Designated Extensions and Other Changes in CBA

Basketball Insiders obtained the term sheet between the NBA and NBPA. Here are more CBA details.

Alan Draper profile picture
Sports Editor
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On Wednesday, the NBA and NBPA agreed to a new labor deal, to be formalized and ratified by January 13.

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Basketball Insiders obtained a copy of the term sheet and detailed a number of rule adjustments (Understanding Terms of NBA, NBPA’s Agreement).

One area of significant change in the new Collective Bargaining Agreement (CBA) revolves around veteran extensions.

A player on a contract of three or four years in length will now be eligible to sign an extension after the second anniversary of signing their current deal. The existing rules only permit extensions after the third anniversary of a four-year deal.

Allowable extensions will increase to five years from four. The maximum amount in the first year will be raised to 120 percent of either the salary in the final season of the original deal (up from 107.5 percent) or the estimated league average.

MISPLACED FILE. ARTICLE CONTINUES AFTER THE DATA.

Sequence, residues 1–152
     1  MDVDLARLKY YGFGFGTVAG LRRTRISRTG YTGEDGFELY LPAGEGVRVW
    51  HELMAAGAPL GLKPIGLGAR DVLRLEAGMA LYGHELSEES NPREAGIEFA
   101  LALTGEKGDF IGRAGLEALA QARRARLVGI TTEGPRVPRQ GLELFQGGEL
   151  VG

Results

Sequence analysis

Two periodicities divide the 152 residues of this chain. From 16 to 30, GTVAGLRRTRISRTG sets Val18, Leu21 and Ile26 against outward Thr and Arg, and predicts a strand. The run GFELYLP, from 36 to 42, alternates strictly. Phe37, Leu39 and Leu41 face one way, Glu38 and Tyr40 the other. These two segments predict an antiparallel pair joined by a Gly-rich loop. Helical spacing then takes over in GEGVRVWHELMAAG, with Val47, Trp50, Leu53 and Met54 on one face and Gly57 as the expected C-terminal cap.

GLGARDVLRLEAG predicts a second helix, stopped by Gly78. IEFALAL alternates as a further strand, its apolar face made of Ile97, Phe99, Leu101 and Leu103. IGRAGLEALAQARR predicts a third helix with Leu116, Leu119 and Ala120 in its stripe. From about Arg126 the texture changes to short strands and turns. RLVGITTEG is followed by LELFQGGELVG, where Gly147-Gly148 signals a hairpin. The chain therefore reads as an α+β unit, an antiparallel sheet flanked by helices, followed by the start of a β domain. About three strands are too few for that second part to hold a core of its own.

The new deal will also include “designated player veteran extensions,” which will apply to players entering their eighth or ninth season with their original franchise (or if the player was traded to their existing team at some point during their first four years in the NBA).

To be eligible, a player needs to be named to any of the three All-NBA teams or as Defensive Player of the Year in either the season preceding the extension or two of the three prior seasons. It will also apply to the league’s Most Valuable Player in any of the three seasons before the extension.

One player who will qualify this summer is Stephen Curry of the Golden State Warriors.

This unique extension can only be signed during the offseason (starting in July) and only two players can be inked to designated player extensions per team. The salary in the first year will pay between 30 percent and 35 percent of the salary cap.